Review and positions: Global production networks and labour
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Commodity chains that are global in extent have increasingly come to be seen as the defining element of the contemporary globalized world economy. Since the 1990s a body of theory - evolving from global commodity chain analysis to global value chain analysis to global production network analysis - has focused upon understanding how such commodity chains function. However, despite providing many important insights, these bodies of literature have generally suffered from a major deficiency in that they have failed to consider labour as an active agent capable of shaping such chains’ structure and geographical organization. Here, then, we present a case for locating more centrally labour, in production network analysis.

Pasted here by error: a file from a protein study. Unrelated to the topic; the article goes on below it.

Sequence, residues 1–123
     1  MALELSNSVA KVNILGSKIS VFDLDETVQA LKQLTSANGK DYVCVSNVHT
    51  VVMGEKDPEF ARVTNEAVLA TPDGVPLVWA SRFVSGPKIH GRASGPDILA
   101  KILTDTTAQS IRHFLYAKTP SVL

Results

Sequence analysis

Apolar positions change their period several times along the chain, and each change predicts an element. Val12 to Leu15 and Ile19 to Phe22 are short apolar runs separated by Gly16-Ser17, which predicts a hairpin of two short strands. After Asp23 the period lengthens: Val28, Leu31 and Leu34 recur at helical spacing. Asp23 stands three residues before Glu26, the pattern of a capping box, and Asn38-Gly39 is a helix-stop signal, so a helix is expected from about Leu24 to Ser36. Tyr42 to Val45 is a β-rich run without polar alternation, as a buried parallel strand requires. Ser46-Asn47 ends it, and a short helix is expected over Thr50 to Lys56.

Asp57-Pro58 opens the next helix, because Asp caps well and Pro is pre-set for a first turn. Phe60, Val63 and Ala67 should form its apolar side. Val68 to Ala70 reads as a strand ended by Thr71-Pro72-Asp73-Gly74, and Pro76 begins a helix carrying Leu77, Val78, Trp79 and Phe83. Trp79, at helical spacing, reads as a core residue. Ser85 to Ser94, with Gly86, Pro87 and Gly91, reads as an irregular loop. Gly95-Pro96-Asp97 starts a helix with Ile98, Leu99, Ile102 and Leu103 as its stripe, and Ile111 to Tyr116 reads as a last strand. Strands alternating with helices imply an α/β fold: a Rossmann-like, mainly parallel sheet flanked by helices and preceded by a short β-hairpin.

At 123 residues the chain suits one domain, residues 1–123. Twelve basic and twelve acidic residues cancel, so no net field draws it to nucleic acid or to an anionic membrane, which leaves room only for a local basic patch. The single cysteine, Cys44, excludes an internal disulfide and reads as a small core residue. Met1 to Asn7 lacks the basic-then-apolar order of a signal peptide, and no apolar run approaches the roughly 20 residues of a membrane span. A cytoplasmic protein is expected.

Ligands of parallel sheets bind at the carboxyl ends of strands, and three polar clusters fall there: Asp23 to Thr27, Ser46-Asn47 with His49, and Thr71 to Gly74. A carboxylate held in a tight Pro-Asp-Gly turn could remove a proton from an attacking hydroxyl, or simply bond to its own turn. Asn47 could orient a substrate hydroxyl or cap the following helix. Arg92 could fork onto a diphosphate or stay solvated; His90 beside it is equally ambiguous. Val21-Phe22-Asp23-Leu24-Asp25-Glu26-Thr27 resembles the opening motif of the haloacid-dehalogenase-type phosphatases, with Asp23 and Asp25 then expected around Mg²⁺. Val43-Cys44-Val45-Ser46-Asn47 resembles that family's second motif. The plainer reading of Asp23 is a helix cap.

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Rainnie, Al; Herod, A.; McGrath-Champ, S. (2013)The literature on global production networks (GPNs) and global commodity/value chains has generally conceptualised small firms as being at the bottom of the commodity chain hierarchy, and thus subordinate to larger firms. ...
Herod, Andrew; Pickren, Graham; Rainnie, Al; McGrath-Champ, Susan (2013)Waste in general, and e-waste in particular, has become a topic of interest in recent years. One focus of attention has been on how commodities are broken up after the putative end of their lives, with such commodities' ...
Herod, A.; Pickren, G.; Rainnie, Alistair; McGrath-Champ, S. (2014)Analysis of waste has largely focused on the physical transformation of commodities at the ends of their lives. This has led to a discourse of ongoingness in which the re-use of commodities' parts is often seen to be ...